Deconstructing a Samosa

Much like certain smells and specific songs, food is laden with emotion and memories of a particular moment in time.

Speak to an Italian chef and they will most likely tell you about spending time in their grandmother’s kitchen, watching her roll out sheets of pasta. Jan Hendrik, the first South African Michelin star chef, owner of the restaurant ‘Jan’ in Nice, tells of how both his grandmothers with their own unique style of cooking, influenced him. He draws inspiration from traditional dishes and turns them into something magical that his European customers can identify with and enjoy. It is a story we hear time and time again with most chefs - how their childhood memories influence their cooking.

Most of us have a favourite food and a dish that no one can make as well as our own mother - A meal, that may be simple, yet lingers in our memory and conjures up a feeling of joy and being nurtured. I think it is this feeling we hold on to and try to recreate. A good meal is like a warm hug, a comforting embrace. It makes you feel safe. When I think about food that I associate with my mother and childhood, it is actually the simple things that come to mind first. I think of scrambled egg, not too soft, cooked with butter and egg-in-a-cup - a dish of soft boiled egg, mashed with butter, white bread and salt and pepper, that was served in a mug to us in bed, whenever my brother or I were ill. Even today when I am not well, I will crave that comforting meal. I also think about my mother’s spaghetti bolognaise, the only meat dish I would really eat and enjoy as a child, along with her pork stuffing loaf and Christmas biscuits we would always bake together at Christmas time.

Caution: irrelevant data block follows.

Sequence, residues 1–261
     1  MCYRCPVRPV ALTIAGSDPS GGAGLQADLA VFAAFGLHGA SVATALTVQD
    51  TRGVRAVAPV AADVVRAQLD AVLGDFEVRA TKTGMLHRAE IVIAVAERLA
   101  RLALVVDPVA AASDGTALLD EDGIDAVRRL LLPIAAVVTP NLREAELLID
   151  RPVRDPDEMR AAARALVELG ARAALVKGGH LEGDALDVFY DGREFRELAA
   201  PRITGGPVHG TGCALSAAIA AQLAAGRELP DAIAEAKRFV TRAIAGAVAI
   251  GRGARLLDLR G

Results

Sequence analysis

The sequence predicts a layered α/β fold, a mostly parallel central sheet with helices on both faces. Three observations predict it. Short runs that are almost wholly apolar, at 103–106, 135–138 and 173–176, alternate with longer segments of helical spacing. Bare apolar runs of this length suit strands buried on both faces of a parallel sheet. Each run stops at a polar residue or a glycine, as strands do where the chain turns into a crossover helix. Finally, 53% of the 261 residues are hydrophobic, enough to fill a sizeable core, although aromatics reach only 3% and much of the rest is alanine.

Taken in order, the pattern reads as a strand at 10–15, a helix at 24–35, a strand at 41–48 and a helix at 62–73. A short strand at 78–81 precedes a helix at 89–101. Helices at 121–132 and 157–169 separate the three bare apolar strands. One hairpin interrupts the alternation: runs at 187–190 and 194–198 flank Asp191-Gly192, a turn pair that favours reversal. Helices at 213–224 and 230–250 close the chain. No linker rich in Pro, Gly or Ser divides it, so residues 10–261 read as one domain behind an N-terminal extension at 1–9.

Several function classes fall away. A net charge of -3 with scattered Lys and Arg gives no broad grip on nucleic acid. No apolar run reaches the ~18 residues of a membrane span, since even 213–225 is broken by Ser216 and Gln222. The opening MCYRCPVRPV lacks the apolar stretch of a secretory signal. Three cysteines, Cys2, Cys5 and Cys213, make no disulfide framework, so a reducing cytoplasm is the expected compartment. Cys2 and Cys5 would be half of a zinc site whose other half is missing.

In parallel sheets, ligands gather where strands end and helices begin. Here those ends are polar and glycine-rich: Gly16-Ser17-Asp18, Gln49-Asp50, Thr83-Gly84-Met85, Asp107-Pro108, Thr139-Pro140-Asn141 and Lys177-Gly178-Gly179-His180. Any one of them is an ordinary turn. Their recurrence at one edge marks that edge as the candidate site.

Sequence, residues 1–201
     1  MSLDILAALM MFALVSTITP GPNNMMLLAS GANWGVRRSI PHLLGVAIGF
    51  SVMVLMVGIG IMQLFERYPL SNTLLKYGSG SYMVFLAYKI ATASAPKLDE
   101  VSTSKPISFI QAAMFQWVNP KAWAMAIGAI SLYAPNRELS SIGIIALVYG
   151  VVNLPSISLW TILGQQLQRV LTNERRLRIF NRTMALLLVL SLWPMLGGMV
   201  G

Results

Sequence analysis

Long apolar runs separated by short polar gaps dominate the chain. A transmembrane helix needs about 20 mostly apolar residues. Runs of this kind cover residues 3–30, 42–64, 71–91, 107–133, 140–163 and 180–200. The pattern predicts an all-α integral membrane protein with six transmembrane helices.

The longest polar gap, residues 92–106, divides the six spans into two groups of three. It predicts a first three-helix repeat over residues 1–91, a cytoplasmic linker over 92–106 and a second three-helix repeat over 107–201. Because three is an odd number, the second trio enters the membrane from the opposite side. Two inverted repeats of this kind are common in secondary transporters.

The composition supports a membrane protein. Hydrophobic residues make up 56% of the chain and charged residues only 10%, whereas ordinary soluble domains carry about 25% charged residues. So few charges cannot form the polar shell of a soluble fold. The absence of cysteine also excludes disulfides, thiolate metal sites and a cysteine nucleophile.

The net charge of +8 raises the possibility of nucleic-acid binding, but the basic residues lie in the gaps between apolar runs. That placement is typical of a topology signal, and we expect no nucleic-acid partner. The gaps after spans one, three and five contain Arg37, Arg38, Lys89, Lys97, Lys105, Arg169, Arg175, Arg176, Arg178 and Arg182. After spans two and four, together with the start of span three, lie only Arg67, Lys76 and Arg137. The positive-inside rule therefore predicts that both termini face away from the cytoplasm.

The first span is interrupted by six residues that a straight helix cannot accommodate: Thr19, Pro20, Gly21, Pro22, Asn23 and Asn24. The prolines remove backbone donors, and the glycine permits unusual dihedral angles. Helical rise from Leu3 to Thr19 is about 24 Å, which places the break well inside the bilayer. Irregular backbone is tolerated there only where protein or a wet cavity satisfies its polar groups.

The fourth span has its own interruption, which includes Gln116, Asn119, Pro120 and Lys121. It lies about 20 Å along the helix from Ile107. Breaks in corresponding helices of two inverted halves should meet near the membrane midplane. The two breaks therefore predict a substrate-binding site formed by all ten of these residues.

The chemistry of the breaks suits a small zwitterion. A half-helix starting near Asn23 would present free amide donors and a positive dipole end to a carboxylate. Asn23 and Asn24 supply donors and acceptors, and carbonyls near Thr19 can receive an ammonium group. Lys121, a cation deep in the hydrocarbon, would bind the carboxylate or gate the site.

I have been thinking a lot about my food memories. One that stands out is the memory of driving along with my brother in the backseat of my mother’s old car. I can picture the turquoise body of the car clearly in my mind and even recall the smell of the brown leather seats. I remember how my mother would quickly stop off at a small, local supermarket on our way home and run in to buy herself a Samosa. It felt slightly indulgent, and even forbidden in a way, although I had no idea why - just the fact that my mom would make such a trip and satisfy her craving for something exotic. It was just one small samosa, yet it felt as if it was some sort of guilty pleasure to me. I would see the little pastry triangle in its white paper packet and get a whiff of something strong and would long to taste it too. We were told it was for adults as it was curry and would burn. The fact that it was forbidden just heightened my desire to bite into it, taste the crunchy exterior and savour the contents slowly, as I had watched my mother do.

Years later I would regularly buy Samosas from my school’s tuck-shop. My tastebuds had adapted to the curry and chili mix and if anything, I found myself addicted.

I cannot walk past a stand at a market or local shop and ignore the samosas, if I see they have been cooked well. It is all in that crispy outer shell. The smell, the taste, even the slight greasiness left on your hand, all brings me back to the turquoise volkswagen, my mother and the unusual triangular treat.